Beds, Herts & Bucks

Leonard Flower inquest: Grandfather's death 'not preventable'

Police vehicles outside the house in Carnegie Gardens
Image caption Leonard Flower was killed in the garage of his home in Carnegie Gardens, Luton

Earlier intervention would not have prevented the death of a grandfather at the hands of his neighbour, a coroner has ruled.

Leonard Flower, 67, was stabbed 17 times as he tidied his garage in Carnegie Gardens, Luton, on 22 October 2013.

His neighbour, religious fanatic Sameer Babar, 35, has since been detained in a secure mental health unit.

Acting senior coroner Ian Pears ruled Mr Flower was "unlawfully killed".

A five-day inquest in Ampthill heard that paranoid schizophrenic Babar had been judged as "no immediate risk" four days before the killing.

Mr Flower was found lying in a pool of blood by a couple delivering leaflets. The inquest heard he had been stabbed in the chest.

He died shortly after ambulance crews and police arrived. His wife Lynda had been in the house at the time, unaware of the attack.

Image copyright South Beds News Agency
Image caption Sameer Babar was detained indefinitely under the Mental Health Act

Babar later pleaded guilty to manslaughter and was detained indefinitely under the Mental Health Act at Luton Crown Court in April 2014.

The inquest was told that concerns about his mental health, faith and ideology were raised to police in July 2013.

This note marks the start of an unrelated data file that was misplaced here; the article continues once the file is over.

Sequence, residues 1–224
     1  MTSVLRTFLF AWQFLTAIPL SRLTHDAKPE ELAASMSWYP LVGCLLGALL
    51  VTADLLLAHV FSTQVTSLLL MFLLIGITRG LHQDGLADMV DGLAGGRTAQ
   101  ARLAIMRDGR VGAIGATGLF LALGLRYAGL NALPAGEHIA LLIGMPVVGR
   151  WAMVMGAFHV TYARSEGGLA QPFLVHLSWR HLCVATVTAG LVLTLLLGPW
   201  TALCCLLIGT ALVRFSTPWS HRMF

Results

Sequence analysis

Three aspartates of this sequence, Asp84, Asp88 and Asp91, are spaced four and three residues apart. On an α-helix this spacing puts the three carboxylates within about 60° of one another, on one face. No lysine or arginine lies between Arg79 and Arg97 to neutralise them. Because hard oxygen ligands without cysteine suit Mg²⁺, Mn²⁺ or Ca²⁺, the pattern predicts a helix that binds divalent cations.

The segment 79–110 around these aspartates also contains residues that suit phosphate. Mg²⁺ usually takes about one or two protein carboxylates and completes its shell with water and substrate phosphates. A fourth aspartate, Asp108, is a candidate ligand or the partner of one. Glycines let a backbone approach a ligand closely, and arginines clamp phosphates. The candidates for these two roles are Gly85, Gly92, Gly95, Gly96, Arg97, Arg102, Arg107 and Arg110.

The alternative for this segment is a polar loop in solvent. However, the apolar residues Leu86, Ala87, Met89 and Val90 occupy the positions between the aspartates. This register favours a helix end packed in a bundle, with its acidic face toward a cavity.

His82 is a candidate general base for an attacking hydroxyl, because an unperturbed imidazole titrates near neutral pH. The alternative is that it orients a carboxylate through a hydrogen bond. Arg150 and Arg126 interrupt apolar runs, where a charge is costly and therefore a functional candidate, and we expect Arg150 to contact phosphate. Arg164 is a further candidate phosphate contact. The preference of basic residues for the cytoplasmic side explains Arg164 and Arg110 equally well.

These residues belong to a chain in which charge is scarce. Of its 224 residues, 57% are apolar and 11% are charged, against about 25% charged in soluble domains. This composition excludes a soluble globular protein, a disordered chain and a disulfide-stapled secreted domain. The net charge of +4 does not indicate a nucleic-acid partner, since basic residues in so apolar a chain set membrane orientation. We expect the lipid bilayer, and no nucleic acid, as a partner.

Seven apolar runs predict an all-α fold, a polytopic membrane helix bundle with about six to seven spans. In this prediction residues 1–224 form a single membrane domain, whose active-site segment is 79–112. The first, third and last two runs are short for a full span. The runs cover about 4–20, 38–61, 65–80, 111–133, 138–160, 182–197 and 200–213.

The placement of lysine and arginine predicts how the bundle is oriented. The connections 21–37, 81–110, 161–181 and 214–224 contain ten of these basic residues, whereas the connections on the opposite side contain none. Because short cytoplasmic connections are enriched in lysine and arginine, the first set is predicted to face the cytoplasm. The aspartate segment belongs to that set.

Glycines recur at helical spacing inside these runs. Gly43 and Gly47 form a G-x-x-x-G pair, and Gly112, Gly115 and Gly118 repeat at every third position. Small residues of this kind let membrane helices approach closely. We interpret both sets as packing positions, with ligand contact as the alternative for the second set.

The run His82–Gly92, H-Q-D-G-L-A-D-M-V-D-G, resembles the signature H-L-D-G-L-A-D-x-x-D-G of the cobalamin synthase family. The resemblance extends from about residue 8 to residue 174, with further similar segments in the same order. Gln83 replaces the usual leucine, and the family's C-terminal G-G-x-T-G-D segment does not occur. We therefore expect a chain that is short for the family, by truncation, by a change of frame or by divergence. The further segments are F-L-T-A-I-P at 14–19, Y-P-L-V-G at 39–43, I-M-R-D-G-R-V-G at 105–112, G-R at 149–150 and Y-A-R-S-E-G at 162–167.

A serious case review carried out in November 2015 found that Mr Flower's death could have been prevented had agencies worked together more effectively.

During the inquest, a mental health crisis team run by the South Essex Partnership University NHS Foundation Trust, was described as working on an "ad-hoc" basis.

But in his conclusions, Mr Pears he did not believe "any earlier action would have resulted in a different outcome".

However, Mr Pears said local teams were making progress, and called for continued funding for Bedfordshire's so-called Street Triage team. The scheme, where a specialist team responds to mental health crisis calls, was launched locally in 2016.

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Julian Hendy, founder of bereavement charity Hundred Families, described Mr Flower's death as "deeply tragic".

"We see over 100 homicides by people with mental illness in the UK every year," he said. "Families are left completely isolated.

"There's an unwillingness to tackle violence by people with mental illness, and the system is very patchy."

He added: "The amount of information given to victims' families is very limited out of concerns for patient confidentiality.

"What was their care and treatment like before they committed this act and were there things that could have been changed that may have avoided this terrible incident in the first place?"

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